Navigating the Gender Pay Gap: Occupational Insights and Business Strategies in Malaysia

Press/Media: Expert Comment


Researchers Professor Grace Lee, Elise Looi and Dr Sharon Koh's article published in Business Today examines the impact of female representation at decision-making levels on corporate performance of PLCs in Malaysia. Findings suggest that gender diversity policies, coupled with fair remuneration, can lead to substantial economic benefits. Increasing female representation is not only about fulfilling quotas; it demands an alignment with fair pay principles to bridge gender pay gaps and foster workplace collaboration.

Period24 Aug 2023

Media contributions


Media contributions

  • TitleNavigating the Gender Pay Gap: Occupational Insights and Business Strategies in Malaysia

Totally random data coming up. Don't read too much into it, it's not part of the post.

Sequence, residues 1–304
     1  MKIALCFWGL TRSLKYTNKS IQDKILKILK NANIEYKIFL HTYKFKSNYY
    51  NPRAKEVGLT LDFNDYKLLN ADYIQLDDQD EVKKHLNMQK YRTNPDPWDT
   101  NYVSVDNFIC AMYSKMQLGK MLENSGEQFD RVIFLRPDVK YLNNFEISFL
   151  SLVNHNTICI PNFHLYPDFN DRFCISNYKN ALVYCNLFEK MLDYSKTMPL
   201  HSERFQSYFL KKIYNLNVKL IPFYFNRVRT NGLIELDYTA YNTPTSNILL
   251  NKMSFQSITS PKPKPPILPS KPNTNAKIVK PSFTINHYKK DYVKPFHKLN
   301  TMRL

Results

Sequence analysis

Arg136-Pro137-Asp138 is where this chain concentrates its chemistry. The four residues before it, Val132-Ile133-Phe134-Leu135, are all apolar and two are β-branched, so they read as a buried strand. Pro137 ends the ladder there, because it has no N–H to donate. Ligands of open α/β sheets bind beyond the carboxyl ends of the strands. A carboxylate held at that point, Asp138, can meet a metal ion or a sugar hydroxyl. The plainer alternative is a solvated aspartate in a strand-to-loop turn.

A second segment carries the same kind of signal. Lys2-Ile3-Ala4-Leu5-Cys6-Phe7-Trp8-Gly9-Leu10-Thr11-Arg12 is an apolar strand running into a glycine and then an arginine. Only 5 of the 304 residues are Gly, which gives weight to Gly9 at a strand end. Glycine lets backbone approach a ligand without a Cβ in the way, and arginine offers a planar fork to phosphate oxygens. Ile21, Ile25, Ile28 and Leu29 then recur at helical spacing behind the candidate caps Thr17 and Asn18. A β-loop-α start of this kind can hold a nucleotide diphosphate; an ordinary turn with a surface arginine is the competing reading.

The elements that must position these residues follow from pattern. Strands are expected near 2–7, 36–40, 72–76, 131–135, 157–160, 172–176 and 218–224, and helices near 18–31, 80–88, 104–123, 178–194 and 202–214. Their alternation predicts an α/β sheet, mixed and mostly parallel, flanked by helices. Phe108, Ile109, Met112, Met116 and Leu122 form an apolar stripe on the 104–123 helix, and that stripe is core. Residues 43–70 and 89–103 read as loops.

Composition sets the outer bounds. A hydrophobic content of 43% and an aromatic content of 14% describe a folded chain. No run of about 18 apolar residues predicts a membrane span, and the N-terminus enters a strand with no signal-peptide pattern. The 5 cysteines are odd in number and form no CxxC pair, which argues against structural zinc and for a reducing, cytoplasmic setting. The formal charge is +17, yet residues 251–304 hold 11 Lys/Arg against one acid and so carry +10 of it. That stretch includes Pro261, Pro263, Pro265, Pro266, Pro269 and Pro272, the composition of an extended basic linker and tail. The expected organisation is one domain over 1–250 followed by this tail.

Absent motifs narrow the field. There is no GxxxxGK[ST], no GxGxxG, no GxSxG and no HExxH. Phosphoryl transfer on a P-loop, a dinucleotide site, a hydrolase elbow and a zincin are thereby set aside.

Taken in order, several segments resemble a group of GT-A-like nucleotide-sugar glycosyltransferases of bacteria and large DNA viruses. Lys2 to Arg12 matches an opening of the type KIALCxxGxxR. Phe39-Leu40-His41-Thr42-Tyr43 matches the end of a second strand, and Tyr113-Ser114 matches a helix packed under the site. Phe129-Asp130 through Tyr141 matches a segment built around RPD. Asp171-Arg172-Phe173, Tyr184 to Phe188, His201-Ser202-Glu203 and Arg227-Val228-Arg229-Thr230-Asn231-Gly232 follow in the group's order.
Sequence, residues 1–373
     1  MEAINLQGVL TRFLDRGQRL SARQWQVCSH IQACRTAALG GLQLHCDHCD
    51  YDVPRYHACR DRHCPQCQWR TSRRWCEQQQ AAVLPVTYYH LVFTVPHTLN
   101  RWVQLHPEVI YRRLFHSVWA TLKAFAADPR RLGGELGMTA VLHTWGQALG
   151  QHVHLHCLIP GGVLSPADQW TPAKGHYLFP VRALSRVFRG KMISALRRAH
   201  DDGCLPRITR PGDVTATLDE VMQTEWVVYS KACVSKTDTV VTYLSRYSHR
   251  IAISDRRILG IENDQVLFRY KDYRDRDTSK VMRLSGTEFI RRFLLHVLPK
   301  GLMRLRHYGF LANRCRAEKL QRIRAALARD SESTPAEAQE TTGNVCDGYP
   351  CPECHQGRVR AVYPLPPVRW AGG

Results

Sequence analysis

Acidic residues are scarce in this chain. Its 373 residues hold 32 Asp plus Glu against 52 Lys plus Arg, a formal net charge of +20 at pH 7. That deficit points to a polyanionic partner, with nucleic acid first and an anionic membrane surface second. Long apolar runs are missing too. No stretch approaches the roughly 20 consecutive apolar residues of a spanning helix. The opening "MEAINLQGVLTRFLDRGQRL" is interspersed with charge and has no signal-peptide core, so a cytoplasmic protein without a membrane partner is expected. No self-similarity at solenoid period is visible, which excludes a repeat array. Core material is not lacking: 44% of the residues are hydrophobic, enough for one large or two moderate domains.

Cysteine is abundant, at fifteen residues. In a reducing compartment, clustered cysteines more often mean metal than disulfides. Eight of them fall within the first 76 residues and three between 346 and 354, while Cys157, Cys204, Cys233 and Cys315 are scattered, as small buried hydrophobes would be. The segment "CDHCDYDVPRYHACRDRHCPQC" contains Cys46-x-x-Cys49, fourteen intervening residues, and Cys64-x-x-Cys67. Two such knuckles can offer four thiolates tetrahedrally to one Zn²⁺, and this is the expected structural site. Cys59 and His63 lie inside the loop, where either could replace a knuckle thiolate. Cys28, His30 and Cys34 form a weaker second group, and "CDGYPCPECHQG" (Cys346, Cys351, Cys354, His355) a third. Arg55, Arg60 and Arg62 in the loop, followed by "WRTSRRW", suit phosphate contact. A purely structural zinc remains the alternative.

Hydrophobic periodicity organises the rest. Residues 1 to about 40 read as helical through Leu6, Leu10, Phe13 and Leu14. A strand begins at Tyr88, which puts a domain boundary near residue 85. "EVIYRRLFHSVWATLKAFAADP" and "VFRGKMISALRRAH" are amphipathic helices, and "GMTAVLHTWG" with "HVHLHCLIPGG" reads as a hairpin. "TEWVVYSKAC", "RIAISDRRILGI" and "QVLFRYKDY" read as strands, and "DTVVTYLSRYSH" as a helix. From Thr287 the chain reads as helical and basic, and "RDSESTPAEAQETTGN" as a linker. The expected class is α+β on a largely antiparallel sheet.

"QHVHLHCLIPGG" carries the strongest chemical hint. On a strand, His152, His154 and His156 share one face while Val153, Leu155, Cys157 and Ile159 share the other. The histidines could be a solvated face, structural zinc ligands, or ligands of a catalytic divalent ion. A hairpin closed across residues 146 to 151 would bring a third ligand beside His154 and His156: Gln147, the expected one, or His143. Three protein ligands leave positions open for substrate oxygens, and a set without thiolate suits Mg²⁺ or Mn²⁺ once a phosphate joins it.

Degree of recognitionNational
    Media name/outletBusiness Today
    Media typeWeb
    DescriptionAt the 2023 World Women Economic & Business Summit in Kuala Lumpur, Professor Geoffrey Williams shared his analysis of the average salaries of men and women in Malaysia. His argument centred on the notion that the average salaries of men and women are nearly identical once adjusted for hours worked (e.g., hourly wage for males is RM18.6 while the hourly wage for females is RM18.7). Although this viewpoint provides a valuable overview, a more detailed examination of data by occupational categories reveals a contrasting depiction. There exists a notable disparity in hourly wages between males and females in several occupational fields, such as managers, professionals, and clerical support workers, among others, which cannot be attributed to disparities in working hours. The observed discrepancy indicates the presence of a gender-based wage disadvantage within some occupational domains, even when accounting for differences in labour hours.

    PersonsGrace HY Lee, Kah Yee Looi, Koh Geok May